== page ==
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During the recent heavy rains, we knew it was quite likely that the creek outside our back fence would inundate our yard. After all, this creek flows down from a nearby high ridge and into the Parramatta River not far away. So when heavy rains coincide with a high tide in the river, then the water has to go somewhere.

We knew we were not in any danger as we watched the creek quickly rise. Nevertheless, we clearly remembered the mess left in our yard from previous floods and did not want to have to shovel and hose and clean up yet again.

Then I noticed a blueberry ash tree I had planted several years ago on the creek bank was now surrounded by murky water. It had been a giveaway at our local Council’s ‘free tree’ day when a tiny seedling and had managed to survive being attacked by our lawnmower and a total lack of care from me. There it was, still standing bravely upright—and I was so proud of it.

I left my post momentarily. And when I returned, my blueberry ash was nowhere to be seen. I stood staring at the spot, feeling very sad for a tree that had fought so gamely to survive. It had not cost me anything, so was no great loss. But it had taken years to get to about a metre and half in height. And now it was wiped out.

Disgusted, I walked inside.

Not long after, my husband ventured down our yard to begin cleaning up—and next time I looked, lo and behold, there was my blueberry ash again!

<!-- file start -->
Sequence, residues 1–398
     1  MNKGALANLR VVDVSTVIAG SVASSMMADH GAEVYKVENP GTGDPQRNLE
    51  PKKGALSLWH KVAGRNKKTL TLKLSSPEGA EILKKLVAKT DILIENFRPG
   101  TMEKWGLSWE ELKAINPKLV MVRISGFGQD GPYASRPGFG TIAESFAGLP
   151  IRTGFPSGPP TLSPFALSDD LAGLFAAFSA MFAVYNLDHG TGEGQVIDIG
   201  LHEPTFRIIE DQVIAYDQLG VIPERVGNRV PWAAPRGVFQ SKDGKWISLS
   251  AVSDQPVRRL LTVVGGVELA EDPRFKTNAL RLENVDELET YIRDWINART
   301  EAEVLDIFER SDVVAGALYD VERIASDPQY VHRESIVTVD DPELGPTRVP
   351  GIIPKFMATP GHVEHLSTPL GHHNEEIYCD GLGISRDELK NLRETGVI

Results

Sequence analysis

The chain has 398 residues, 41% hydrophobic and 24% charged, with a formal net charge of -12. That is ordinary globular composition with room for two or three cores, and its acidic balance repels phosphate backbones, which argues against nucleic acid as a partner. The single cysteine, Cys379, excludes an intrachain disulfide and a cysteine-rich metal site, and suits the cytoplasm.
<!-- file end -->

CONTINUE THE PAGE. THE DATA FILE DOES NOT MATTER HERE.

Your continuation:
‘It was weighed down by a lot of debris that had caught in its leaves,’ my husband told me. “Once I removed that, it sprang back up!’

Later, I went down to inspect my tree myself. Yes, it was standing up, albeit at a slight angle. Even its little, dark blue berries were still intact. At its base, the roots had obviously been strained and tested—but they had held firm. I straightened the tree, packed some more earth around it and placed a rock at its base. Yes, it had survived and would live to grown even firmer and stronger.

Immediately, I thought of the words of Psalm 1:1-3:

Blessed is the man who does not walk in the counsel of the wicked or stand in the way of sinners or sit in the seat of mockers. But his delight is in the law of the Lord, and on his law he meditates day and night. He is like a tree planted by streams of water, which yields its fruit in season and whose leaf does not wither. Whatever he does prospers.

The roots of my blueberry ash had obviously gone down deep enough into the moist soil by the creek to withstand the fast flowing flood waters. Yes, my tree had been weighed down with debris but it had stood firm. What a parable for my own life! What a graphic reminder of how I need to close my ears to discouragement and bad advice and instead send my roots down deep into the Word of God, drinking from that living water only God can provide! Then when the difficulties of my writing journey threaten to overwhelm me, I will remain unmoved, lift my head, shake myself off and start again.

May you too be like my blueberry ash, standing firm, whatever the waters that may swirl around you!